OCD sufferers, for instance, almost never obsess about purely chance events, such as being caught in an earthquake or a hurricane. Why? Because the obsessional patient plays no role in the occurrence or the prevention of such happenings. Obsessional individuals do, on the other hand, readily develop symptoms when they are put into situations where obvious harm may occur as a result of their actions. A striking example is the frequent onset of obsessions and compulsions in women after the birth of a first child. Approximately 20 percent of all females with obsessive-compulsive disorder suffer its onset (almost always related to the safety of their babies) at this time of unparalleled assumption of personal responsibility.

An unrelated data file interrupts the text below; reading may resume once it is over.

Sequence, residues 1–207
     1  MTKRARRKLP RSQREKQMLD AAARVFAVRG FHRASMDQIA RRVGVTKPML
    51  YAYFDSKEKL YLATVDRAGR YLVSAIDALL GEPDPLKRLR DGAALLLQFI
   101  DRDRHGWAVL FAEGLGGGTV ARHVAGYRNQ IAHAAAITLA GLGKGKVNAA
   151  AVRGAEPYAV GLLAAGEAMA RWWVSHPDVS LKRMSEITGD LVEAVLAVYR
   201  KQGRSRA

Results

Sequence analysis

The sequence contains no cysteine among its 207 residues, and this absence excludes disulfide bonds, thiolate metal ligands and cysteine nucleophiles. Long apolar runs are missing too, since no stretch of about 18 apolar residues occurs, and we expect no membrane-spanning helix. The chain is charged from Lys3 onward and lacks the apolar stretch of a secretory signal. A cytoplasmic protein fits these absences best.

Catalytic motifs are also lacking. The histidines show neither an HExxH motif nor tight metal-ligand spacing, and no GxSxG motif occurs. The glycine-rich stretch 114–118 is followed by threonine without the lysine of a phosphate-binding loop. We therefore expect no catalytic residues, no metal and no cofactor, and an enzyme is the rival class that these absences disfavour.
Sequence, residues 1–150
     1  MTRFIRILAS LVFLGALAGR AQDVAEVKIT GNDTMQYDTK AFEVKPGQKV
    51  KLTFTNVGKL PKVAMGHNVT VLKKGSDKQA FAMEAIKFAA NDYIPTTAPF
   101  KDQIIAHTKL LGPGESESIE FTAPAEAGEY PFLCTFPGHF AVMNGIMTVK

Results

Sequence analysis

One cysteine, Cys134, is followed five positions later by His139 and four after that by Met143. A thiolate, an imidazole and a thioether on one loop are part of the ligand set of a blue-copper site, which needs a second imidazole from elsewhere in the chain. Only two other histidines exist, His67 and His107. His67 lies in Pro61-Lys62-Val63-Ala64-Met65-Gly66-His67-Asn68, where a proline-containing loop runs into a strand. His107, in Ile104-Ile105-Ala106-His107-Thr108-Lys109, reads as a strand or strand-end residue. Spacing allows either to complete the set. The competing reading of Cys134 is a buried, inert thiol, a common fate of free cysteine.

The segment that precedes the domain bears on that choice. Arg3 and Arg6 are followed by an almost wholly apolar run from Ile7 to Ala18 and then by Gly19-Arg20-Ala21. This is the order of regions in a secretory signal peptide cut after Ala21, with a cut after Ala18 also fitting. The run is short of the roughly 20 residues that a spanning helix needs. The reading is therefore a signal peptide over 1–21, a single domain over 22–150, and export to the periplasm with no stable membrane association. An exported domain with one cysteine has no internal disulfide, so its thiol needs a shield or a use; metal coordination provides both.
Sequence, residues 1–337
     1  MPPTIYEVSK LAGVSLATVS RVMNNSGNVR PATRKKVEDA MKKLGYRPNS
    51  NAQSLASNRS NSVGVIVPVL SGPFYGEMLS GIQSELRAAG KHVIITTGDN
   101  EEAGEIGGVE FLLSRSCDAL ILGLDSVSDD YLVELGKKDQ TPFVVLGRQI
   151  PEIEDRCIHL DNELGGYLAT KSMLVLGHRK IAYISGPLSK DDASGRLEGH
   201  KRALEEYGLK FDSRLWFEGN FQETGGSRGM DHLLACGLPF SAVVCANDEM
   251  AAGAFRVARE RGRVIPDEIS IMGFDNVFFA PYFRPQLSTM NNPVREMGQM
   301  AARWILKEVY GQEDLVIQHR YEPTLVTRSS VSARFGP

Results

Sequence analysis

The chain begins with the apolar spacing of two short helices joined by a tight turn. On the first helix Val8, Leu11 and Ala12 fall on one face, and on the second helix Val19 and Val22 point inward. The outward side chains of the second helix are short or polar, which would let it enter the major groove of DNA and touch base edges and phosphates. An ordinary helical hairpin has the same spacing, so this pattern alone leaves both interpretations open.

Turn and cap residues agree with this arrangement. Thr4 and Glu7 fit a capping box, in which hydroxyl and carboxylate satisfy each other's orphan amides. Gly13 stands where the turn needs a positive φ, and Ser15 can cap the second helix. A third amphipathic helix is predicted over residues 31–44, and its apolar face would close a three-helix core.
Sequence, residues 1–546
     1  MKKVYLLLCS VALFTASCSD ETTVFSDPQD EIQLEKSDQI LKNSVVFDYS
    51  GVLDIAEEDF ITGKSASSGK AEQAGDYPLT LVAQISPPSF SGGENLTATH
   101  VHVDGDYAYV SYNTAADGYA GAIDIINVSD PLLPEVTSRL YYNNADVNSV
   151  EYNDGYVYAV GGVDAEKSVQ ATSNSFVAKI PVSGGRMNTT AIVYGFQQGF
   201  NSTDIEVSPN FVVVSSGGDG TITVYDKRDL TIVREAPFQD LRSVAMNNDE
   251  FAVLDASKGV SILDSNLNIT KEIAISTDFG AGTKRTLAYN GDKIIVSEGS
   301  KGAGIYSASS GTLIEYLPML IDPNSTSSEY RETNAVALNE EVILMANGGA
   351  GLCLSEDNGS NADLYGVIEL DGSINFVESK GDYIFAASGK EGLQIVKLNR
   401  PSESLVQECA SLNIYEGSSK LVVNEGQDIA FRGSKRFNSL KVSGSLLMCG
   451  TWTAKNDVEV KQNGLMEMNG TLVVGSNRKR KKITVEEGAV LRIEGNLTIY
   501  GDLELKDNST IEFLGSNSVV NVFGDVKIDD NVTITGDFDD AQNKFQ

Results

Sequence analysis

Another example: It has often been observed that people with obsessive-compulsive disorder experience a “holiday” from their disorder when they find themselves in a new environment—that is, until they become accustomed to the place. Once I admitted to the hospital a student who suffered from severe checking compulsions. He did fine for a few days; in fact, our staff wondered why I had admitted him at all. Then he started setting off fire alarms, ear-piercing whistles that sent our mental health unit into turmoil. Why did he begin compulsively setting off the alarms when he did? My patient later explained, apologetically, that obsessions dealing with harm happening to friends were a long-term problem. When he had arrived on the unit, however, he had felt calm because he didn’t know anybody. In a few days, however, his feelings began to change.